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Home » Sermon – 19th May 2024

Sermon – 19th May 2024

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    Readings: Acts 2: 1-21 and John 15: 26-27 and 16: 4b-15

    Today we celebrate that outpouring of the Holy Spirit onto the twelve apostles in Jerusalem, fifty days after the resurrection. At the Ascension, Jesus told them to wait, and they waited expectantly. A word we don’t often use comes into its own today – invocation. Today of all days, we ask God to come in the power of the Holy Spirit. “Come down, O love divine” – we sang in the first hymn.

    What exactly happened on the Day of Pentecost we don’t know, except that twelve simple men, no linguists, made themselves heard in that huge crowd gathered in Jerusalem for the festival. Luke says that people of different races heard the twelve speaking in their own languages. I was interested to read some words of the late Archbishop Michael Ramsey,  who suggests that the disciples spoke in tongues – that ecstatic kind of utterance which occurred and still occurs within the Church on occasions.  Ramsey says, “In the power of the Holy Spirit the disciples expressed themselves in words and songs of praise that weren’t any particular language at all, but were just a kind of outburst of sounds, partly speech and partly music, giving expression to their common intense joy in the Holy Spirit.”

    A little later in chapter 2 of Acts, Peter sees this outpouring of the Spirit as a fulfilment of old testament prophecy. It has come about through the death and resurrection of Jesus; and brings a new spiritual experience and the declaration of a new spiritual reality.

    In the ancient world, wind and fire were symbols of great power, and in the Old Testament wind, breath and fire were all linked together as signs of God’s Spirit. David Adam recently wrote that a leading ecologist has said that the energy crisis we face is not so much in energy supplies, but in our own thinking. The ecologist judges that there is enough energy in the ebb and flow of the tides, in the running of rivers, in the winds and the sun’s rays to supply our needs, if we would give the time and determination necessary to harnessing that power. He offered three observations about all this which could also apply to our spiritual lives and the life of the Church. Firstly: Many energy supplies are limited and will run out. Secondly: Wrong thinking and lack of proper attention makes us do nothing. And thirdly: All around there is power that we do not realise.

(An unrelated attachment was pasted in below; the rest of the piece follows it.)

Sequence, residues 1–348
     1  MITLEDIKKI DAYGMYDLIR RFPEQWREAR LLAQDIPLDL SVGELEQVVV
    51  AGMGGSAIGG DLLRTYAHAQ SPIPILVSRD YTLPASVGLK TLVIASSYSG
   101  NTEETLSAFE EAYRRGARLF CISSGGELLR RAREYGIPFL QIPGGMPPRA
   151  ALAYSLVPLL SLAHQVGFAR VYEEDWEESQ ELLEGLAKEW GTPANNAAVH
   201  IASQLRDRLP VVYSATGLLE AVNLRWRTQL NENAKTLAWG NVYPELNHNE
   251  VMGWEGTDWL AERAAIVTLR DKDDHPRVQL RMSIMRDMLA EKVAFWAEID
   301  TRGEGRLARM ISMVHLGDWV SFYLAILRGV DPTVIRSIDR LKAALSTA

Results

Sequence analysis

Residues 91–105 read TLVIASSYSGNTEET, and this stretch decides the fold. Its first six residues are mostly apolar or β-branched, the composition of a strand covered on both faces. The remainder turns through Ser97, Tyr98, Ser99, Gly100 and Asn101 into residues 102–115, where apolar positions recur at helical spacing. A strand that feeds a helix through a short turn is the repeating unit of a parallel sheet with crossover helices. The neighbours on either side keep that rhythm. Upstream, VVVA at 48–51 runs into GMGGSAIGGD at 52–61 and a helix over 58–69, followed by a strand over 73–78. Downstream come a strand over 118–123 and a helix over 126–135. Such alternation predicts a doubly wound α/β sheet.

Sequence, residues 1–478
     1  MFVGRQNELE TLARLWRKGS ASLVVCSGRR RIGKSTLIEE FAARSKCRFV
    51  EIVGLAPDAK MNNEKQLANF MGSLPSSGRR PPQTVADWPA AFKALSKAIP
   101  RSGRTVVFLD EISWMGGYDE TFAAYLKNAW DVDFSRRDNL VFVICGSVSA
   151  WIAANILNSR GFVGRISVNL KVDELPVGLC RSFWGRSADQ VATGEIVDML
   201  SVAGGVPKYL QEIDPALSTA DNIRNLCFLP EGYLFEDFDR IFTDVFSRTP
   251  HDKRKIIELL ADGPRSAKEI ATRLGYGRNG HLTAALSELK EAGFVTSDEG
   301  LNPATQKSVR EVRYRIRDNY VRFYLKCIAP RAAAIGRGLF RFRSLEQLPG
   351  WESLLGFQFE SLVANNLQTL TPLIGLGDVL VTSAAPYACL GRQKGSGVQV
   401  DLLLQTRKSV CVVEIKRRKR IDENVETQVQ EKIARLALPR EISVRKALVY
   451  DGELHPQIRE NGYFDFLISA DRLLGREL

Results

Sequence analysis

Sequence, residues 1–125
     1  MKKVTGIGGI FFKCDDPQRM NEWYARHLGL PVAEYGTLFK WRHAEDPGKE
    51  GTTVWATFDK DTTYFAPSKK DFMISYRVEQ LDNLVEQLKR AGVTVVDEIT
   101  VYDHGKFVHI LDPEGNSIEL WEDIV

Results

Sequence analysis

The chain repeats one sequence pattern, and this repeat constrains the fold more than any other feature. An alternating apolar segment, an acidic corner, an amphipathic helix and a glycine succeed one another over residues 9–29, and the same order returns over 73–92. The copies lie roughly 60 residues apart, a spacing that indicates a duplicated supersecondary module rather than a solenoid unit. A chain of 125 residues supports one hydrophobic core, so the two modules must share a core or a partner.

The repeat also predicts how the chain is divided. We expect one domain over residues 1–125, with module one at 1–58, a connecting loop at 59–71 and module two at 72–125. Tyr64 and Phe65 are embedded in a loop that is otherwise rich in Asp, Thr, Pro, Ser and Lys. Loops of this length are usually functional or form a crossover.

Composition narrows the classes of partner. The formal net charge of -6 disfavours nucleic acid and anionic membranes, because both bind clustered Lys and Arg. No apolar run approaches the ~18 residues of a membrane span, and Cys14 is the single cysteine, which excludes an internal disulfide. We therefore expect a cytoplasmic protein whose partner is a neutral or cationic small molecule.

Too often, says David Adam, the Church tries to go along in its own resources and strength, and it can be seen to be running out of supplies. Maybe we spend too much of our attention looking in the wrong direction. The power of God is here, for the Lord is here: his Spirit is with us. Much of what we glean about the Holy Spirit sounds attractive; the Spirit adds excitement to our spiritual lives, and is gender-neutral: very acceptable to modern thinking and the politically-correct. And Jesus uses various descriptions for the Spirit: some translations say ‘Comforter’, others ‘Advocate.’ And an ‘advocate’ in a court of law is a good thing to have: the advocate is your Counsel for Defence, and will stand by you however much you are threatened – so long as you have told the truth!